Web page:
"We are starting to see more and more homeless foreigners, many of whom have separated from their Thai wives and now have no money," said Natee Saravari, secretary-general of the Issarachon Foundation.
While foreigners can own condos, houses and other property are usually registered in their wives' or girl friends' names, meaning they have no rights and can be ejected.
The Thai charity has been helping homeless Thai people in Chiang Mai, Chon Buri and Phuket provinces for the past 10 years, but has recently branched out into assisting homeless foreigners as well.
"In Pattaya we see them sorting through the trash in front of McDonald's for something to eat, and hanging out in front of restaurants asking customers for money," Mr Natee said.
He estimated that there were more than 200 homeless foreigners nationwide, compared with about 30,000 homeless Thais.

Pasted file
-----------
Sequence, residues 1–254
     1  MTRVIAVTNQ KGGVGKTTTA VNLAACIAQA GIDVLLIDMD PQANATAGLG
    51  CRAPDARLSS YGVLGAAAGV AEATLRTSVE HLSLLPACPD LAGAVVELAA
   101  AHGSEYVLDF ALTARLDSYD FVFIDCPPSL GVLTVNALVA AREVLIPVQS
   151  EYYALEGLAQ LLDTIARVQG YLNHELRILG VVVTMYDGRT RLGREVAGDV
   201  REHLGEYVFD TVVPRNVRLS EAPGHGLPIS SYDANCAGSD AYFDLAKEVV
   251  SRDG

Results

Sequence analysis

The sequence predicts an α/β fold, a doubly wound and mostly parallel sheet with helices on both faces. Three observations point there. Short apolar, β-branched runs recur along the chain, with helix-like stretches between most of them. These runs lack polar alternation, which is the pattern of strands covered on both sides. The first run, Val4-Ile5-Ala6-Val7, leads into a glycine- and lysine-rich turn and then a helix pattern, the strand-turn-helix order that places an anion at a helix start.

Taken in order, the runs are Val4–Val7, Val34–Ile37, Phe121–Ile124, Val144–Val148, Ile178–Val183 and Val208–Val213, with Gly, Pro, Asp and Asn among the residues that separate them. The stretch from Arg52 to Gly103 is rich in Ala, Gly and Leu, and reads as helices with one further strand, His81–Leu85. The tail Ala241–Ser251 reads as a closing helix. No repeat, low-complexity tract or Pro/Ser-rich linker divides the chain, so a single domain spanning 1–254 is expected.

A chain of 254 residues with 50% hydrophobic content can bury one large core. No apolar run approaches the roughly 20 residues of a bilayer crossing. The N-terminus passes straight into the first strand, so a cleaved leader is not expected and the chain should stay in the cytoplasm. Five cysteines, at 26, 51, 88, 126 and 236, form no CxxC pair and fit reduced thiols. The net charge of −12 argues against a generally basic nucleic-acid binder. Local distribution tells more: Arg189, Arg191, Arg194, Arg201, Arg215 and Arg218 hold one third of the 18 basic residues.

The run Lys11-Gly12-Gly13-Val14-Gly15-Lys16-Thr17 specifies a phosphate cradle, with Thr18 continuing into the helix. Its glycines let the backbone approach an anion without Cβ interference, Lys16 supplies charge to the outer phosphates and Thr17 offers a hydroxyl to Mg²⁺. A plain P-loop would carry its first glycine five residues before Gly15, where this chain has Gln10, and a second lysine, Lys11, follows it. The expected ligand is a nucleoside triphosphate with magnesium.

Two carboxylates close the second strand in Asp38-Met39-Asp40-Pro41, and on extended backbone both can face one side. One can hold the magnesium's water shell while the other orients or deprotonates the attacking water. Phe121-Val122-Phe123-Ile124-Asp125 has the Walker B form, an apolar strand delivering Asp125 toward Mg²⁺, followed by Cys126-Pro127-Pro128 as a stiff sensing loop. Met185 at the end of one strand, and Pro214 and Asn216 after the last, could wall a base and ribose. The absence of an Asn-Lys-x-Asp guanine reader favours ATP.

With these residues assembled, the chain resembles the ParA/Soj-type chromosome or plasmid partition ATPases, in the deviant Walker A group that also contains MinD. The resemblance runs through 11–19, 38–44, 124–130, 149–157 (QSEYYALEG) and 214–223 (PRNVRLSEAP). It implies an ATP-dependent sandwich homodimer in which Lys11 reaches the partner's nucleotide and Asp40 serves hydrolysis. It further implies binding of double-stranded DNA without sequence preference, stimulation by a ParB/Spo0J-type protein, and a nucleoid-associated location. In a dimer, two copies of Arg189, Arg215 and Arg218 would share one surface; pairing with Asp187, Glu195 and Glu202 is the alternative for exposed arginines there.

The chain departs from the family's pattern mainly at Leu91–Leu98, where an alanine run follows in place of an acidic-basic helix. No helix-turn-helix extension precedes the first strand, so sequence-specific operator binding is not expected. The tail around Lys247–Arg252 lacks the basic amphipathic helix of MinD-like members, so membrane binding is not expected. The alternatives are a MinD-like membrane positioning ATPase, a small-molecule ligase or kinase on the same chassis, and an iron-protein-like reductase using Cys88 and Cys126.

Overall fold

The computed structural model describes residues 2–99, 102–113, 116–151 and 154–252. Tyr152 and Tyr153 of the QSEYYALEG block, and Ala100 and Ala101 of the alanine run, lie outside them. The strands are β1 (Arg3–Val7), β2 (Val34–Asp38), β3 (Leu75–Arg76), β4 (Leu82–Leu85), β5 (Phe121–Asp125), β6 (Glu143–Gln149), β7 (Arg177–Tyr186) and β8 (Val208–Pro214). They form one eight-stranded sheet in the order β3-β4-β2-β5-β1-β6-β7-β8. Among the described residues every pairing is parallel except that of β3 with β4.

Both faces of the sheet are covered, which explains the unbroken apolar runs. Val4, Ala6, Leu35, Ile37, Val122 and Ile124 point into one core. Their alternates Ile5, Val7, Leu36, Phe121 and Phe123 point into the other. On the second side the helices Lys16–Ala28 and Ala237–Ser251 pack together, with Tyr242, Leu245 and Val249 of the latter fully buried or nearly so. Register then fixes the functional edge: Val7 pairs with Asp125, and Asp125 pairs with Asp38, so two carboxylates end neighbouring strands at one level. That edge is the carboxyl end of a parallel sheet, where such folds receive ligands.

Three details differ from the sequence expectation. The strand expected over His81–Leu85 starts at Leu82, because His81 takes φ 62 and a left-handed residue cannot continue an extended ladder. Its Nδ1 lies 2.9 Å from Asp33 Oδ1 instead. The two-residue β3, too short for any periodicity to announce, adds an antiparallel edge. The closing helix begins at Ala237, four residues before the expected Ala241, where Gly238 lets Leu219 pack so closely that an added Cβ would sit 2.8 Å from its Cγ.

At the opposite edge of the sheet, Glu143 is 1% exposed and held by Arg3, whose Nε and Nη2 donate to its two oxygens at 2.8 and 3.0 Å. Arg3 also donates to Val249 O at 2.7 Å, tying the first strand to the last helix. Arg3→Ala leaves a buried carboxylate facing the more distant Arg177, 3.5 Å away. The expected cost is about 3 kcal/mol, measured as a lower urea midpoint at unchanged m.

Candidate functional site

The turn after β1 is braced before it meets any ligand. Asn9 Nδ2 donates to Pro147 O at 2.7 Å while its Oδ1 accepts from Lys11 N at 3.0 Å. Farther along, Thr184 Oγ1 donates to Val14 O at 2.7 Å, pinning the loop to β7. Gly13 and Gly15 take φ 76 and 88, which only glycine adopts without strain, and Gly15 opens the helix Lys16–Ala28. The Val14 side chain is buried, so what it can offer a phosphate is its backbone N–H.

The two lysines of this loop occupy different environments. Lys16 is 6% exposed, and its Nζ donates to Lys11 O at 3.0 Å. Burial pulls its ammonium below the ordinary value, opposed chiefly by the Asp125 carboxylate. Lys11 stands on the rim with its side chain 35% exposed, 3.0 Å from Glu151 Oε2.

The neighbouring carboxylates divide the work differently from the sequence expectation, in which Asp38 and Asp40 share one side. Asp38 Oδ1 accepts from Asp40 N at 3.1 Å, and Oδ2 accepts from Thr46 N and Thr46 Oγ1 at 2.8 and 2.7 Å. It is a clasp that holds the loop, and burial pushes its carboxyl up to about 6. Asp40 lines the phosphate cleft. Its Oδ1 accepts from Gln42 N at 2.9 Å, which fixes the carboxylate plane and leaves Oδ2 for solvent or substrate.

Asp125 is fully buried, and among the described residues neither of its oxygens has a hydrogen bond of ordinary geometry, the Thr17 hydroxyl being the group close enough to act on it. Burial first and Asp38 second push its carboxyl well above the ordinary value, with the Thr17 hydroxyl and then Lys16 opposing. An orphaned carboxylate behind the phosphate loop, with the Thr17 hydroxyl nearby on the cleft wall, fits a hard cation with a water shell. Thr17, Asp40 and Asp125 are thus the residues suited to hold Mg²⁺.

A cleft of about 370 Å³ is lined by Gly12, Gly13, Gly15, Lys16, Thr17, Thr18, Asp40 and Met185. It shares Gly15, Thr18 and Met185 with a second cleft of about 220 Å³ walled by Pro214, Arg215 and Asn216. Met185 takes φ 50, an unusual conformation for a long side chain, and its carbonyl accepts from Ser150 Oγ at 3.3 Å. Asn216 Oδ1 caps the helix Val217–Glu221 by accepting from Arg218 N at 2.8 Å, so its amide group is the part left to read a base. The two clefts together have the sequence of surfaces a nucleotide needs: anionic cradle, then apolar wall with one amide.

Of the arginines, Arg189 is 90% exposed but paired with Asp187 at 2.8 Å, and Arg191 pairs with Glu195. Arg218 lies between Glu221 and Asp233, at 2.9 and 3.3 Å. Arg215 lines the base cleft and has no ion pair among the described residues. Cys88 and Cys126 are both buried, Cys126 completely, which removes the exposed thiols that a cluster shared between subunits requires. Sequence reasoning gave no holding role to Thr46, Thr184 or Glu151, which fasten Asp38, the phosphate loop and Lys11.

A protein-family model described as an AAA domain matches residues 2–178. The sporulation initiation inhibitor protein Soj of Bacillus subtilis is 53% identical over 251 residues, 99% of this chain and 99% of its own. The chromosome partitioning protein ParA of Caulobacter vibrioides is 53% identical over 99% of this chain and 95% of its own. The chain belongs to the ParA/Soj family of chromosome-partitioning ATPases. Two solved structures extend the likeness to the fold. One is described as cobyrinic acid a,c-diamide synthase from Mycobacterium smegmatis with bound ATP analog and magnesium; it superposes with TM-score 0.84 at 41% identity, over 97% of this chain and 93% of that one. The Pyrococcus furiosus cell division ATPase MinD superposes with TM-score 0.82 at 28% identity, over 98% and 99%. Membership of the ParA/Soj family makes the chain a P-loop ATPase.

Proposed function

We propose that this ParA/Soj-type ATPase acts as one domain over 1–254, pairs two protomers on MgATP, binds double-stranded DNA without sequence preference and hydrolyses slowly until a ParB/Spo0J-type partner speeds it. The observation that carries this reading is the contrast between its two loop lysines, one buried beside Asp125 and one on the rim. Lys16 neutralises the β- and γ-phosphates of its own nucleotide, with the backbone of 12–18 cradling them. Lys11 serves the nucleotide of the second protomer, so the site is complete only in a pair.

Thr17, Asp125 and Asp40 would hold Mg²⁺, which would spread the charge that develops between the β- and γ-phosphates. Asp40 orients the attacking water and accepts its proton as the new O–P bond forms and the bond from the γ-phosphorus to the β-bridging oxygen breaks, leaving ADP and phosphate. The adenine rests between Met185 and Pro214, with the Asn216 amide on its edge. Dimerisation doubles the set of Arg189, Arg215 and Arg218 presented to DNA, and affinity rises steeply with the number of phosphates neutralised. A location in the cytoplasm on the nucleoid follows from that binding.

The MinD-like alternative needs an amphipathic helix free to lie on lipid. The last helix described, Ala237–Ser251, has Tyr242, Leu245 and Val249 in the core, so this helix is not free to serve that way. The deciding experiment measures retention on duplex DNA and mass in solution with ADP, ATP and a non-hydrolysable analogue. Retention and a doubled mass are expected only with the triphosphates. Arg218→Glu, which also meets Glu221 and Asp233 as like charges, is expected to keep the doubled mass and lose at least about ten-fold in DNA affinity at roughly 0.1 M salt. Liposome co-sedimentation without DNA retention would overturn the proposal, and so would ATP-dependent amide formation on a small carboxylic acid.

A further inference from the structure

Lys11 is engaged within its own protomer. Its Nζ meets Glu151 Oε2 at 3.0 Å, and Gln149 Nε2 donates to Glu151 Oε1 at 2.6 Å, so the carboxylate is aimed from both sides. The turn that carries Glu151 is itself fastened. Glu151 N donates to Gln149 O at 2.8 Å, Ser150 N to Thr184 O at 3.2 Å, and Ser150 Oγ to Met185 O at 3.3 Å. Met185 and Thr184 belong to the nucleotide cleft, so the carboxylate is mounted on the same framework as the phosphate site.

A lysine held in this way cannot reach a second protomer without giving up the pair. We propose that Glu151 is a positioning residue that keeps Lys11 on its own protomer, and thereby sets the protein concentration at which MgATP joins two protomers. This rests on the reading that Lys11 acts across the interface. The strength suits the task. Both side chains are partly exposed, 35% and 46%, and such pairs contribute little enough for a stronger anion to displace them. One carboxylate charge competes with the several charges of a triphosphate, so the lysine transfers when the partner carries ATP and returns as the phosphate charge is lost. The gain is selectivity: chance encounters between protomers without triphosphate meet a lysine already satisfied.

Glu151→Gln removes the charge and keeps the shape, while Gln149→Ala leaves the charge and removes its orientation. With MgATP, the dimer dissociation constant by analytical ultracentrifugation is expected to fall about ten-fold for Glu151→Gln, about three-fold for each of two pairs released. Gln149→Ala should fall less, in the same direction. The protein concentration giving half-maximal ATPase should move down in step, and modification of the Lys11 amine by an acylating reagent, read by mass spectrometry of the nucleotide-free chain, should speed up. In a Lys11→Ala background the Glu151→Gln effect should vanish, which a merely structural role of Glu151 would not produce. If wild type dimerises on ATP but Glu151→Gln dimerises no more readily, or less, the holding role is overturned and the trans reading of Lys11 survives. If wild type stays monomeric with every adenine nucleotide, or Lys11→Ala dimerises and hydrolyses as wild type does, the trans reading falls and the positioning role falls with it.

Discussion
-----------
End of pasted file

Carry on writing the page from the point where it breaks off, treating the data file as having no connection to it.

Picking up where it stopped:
"As many as 40% of the Thai homeless suffer from mental illness, but most of the foreign homeless are alcoholics," he said.
The foundation has urged the Ministry of Foreign Affairs to address the growing problem by setting up a system with embassies to cope with their penniless nationals, most of whom are living in Thailand without passports or on expired passports.
Thailand attracted more than 22 million tourists last year and has a growing population of Western retirees living in the kingdom on a permanent basis.
"Thailand's laws covering foreigners are very outdated and should be revised to deal with the changed circumstances," said Buaphan Promphakping, an associate professor of social studies at Khon Kaen University.
"Under the current laws, foreigners' rights are not very well protected," said Buapan, who has done research on the growing number of foreigners married to Thai women in northeast Thailand and on the kingdom's expanding population of Western retirees.